Richard Thompson
Stefan Bielinski

On April 1, 1806, Richard Thompson married Jane Johnson, a colored woman, at the Albany Dutch church. Subsequent research has revealed that he was a "free person of color" - a mainline member of the early nineteenth century Afro-Albanian community.

House and sign of R. Thompson - grocer In 1814-16, city directories listed him as a housholder living at 22 Fox Street. After that, he was identified as a shoemaker living at 75 North Pearl Street. Although not consistently, his name printed in italics identified him as a "free person of color!" The marriage may have produced children!

In 1830, his second ward household was configured on the Albany census. That is the last reference so far encountered! Perhaps abolitionist Gerrit Smith wrote to him and other Albany activists in March 1846. Or, perhaps his son, Richard Thompson, was buried in the African Methodist Episcopal plot in April 1848!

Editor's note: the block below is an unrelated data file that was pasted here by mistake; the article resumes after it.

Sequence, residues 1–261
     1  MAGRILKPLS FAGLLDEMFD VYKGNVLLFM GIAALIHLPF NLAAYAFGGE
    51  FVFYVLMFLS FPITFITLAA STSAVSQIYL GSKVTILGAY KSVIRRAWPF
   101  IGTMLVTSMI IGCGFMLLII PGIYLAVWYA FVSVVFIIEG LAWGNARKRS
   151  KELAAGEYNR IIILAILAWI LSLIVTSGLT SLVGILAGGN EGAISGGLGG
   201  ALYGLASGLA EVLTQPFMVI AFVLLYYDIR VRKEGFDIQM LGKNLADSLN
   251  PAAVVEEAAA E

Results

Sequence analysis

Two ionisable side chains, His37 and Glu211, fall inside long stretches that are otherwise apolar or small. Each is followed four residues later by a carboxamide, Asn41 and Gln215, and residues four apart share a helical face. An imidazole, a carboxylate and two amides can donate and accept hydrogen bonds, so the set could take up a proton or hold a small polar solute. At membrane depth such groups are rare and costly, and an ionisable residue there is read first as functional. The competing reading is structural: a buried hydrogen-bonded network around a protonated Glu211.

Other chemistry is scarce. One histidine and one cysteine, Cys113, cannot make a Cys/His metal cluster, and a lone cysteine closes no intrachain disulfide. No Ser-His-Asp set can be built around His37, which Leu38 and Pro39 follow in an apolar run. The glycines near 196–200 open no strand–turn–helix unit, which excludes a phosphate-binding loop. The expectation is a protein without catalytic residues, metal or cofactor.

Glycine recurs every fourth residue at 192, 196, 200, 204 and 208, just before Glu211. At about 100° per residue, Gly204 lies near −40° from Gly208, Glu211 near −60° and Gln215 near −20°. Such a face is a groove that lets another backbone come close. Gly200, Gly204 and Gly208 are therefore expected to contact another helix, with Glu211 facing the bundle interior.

biography in-progress


the people of colonial Albany Sources: The life of Richard Thompson has not yet been assigned a CAP biography number. This sketch is derived chiefly from family and community-based resources.

Detail of the home of Richard Thompson from a cityscape of early nineteenth-century Albany by James Eights.

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first posted: 11/10/04